July is five days away and I haven't written a blog post since April. You see, my plan was to travel to Taiwan and Brazil, mold myself into the ideal version of the woman I've been steadily on my way to becoming, and then come home and write this earth shattering blog that proves just how different I am.
It's not that I am not different, I certainly am, it's just that I'm different in ways I didn't plan for. You see, it used to seem all about leaving a mark on the world that couldn't be erased, to do something so important that for decades after, little girls would be motivated to follow in my footsteps. I used to think I was unique and special and that I had something magic inside of me that was going to make things better, globally.
In the past two months, I've learned that globally is a really, really big word because it is a really, really big world that can feel very teeny or overwhelmingly huge depending on the angle. There is a song by the Old 97's, that says, "Some day somebodys gonna ask you a question that you should say yes to, once in your life." I always dreamed of my question and thought it would be different than all the other questions, like some real profound shit. But I've realized that life isn't one huge question like some people would like you to believe, it is a million different questions and some of them feel huge and some sound like, How sweet do you want your tea? But they all mean something. Most questions relate to our survival in some way or another, and by survival I mean the way we manage to continue to exist even when we are assholes and exist in the best way possible for ourselves.
What I'm getting at is this: maybe there isn't going to be one remarkable question for me, one job opportunity, one career, one degree, one book, one journey, one person, one experience that puts it all into place, that makes the stars align, and my jaw drop, and all of my wildest, fairy, mermaid dreams come true. One by one they will chip away at the girl I was always told I needed to be in order to become a better person. When I was gone, there were so many times I wanted to say no, to stay inside of my comfort zone, to snuggle up in a hotel bed and sleep until I got home. But something inside kept making me say yes, I guess the fear of the regret that would ensue if I passed up an opportunity I may never get again. And so I did all sorts of absurd shit that I will never forget and now I can use a machete and kind of drive a speedboat and make a caipirinha and build a palm leaf roof and ask people invasive questions and be wildly illiterate and eat little baby squid mouths (RIP) and so much more. I left a huge piece of my heart in Taiwan and I guess a little in Brazil. I guess, after all of it, the most special thing I've learned is that every life has an impact and a meaning; that the people who don't go down in history for being saviors sometimes lead far kinder lives, it is more special to make people feel safe and loved than to show the world what you're capable of. I don't care about being remembered or being profound like I used to, I don't have enough time to worry about getting my name etched in a plaque. I care about making people feel better, brighter, lighter, more capable, because there really should be more of that feeling to go around.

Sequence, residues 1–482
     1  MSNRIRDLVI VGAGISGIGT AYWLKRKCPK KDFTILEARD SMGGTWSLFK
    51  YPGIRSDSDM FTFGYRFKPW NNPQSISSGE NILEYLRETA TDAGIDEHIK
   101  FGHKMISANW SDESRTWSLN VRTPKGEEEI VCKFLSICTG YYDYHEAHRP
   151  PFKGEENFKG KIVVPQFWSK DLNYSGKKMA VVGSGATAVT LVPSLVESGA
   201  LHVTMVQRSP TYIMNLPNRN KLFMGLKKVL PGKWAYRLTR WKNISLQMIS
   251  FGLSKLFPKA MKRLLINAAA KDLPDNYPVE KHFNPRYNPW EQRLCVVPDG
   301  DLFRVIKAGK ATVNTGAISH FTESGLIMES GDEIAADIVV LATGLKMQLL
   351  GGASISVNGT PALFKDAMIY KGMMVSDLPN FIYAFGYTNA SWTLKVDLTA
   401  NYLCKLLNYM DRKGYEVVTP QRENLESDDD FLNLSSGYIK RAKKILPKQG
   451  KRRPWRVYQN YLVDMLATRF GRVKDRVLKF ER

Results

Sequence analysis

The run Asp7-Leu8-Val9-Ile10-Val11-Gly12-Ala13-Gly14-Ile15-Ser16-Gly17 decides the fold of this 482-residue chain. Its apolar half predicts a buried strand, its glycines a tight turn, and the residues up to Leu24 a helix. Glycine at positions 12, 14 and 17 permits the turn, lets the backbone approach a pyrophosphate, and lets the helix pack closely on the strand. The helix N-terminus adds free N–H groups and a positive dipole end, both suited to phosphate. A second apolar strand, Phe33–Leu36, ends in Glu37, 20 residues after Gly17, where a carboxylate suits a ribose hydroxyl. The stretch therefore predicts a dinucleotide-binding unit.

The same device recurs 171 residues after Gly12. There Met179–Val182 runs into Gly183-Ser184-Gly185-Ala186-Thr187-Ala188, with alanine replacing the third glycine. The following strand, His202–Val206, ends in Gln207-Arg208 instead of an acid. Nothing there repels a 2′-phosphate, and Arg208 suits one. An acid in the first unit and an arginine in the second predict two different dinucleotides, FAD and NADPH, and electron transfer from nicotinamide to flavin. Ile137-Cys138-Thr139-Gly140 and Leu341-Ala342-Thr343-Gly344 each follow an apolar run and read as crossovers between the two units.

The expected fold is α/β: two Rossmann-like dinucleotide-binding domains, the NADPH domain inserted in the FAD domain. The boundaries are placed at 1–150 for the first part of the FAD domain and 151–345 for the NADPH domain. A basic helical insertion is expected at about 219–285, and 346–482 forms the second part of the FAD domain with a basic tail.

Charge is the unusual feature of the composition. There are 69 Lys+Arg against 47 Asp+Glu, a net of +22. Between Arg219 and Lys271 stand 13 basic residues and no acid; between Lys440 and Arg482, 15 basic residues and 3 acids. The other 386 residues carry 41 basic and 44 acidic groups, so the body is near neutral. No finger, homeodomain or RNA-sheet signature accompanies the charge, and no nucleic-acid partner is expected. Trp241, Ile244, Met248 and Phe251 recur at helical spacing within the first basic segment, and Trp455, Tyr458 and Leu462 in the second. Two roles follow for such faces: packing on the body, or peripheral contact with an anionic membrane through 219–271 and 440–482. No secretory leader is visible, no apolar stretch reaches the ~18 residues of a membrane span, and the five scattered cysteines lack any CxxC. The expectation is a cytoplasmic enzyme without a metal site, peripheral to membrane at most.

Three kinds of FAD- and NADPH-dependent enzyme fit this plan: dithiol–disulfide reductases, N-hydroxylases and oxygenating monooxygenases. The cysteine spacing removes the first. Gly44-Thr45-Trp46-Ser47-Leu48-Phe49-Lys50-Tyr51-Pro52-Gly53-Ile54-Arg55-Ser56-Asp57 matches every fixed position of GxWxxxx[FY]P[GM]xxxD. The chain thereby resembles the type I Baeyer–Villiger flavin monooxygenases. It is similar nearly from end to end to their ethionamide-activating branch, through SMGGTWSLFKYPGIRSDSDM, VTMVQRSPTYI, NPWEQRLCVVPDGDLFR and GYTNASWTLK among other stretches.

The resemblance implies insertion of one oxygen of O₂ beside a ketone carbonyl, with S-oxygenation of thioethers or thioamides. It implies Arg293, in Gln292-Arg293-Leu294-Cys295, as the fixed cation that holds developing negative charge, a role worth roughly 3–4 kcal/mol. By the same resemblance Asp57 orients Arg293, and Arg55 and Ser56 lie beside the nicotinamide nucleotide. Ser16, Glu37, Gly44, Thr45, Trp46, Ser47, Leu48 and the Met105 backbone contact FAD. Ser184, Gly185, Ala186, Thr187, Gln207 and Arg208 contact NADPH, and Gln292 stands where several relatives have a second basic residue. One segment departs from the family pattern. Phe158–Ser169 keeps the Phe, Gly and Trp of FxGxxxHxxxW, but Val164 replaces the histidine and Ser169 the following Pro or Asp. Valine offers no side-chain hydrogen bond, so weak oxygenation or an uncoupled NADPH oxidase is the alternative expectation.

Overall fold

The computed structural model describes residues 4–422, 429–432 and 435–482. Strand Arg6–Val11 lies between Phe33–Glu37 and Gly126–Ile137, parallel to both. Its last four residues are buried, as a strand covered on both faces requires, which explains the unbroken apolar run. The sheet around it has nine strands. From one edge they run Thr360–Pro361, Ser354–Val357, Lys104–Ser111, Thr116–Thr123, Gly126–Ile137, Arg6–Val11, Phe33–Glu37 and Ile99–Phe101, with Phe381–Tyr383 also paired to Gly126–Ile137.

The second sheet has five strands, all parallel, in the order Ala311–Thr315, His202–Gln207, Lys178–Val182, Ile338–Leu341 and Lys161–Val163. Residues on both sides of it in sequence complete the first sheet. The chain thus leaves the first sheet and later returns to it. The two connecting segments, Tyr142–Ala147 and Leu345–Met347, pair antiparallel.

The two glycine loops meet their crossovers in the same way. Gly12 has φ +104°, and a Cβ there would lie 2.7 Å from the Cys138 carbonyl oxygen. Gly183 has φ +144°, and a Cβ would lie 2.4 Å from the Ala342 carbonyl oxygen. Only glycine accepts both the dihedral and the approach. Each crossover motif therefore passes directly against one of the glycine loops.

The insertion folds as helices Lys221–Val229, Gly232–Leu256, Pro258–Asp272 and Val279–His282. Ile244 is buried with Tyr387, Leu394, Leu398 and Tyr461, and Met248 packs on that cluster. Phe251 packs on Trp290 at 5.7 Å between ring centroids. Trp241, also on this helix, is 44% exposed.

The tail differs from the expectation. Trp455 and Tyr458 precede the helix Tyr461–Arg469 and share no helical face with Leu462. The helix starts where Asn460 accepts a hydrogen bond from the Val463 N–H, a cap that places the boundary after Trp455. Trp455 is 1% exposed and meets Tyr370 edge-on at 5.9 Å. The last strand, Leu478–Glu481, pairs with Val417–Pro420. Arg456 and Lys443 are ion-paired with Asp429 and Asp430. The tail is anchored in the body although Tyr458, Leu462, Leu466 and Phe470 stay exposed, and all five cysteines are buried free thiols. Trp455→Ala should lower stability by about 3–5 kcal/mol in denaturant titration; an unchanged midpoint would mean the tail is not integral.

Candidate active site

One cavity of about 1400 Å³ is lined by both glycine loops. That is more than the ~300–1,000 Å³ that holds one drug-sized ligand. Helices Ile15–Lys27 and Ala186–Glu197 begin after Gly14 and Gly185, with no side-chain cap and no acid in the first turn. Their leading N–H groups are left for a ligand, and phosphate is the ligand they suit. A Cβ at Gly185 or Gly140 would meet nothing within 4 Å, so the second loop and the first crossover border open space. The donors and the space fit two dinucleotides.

I learned just how important companionship can be, whether it's the group of students who were willing to sacrifice their time to translate for us, the remarkable women I spent my time abroad with, the amazing entrepreneurs who shared their time, stories, love, and talents with us; the people who loved me while I was away from my loved ones.
On a Sunday afternoon, we pulled up to a pepper stand on the side of a mountain in Hualien, Taiwan owned by an older couple. She was canning while he was cutting and seasoning; we had a huge language barrier between us, but she happily fed us the best hot peppers I've ever eaten. As we ate enthusiastically, sloppily with chopsticks, she brought out more and more delicacies, thoroughly enjoying our pleasure. We couldn't buy anything from her because we wouldn't have been able to get the jars through customs, but nothing about her actions made it seem like she ever expected us to buy it, she was just sharing her wonderful food with some wandering foreigners.
And so, it has become less about the New York Times Bestseller's List and more about poems and stories that make people feel less alone in their feelings, less about doing the "right" thing and more about doing the thing that makes us feel good, less about a flawless resume and more about learning something from everyone I meet, less about tomorrow and the next day and more about the next hour.
And now, I'm home, and there is stuff all over the floor and I don't know where to put it.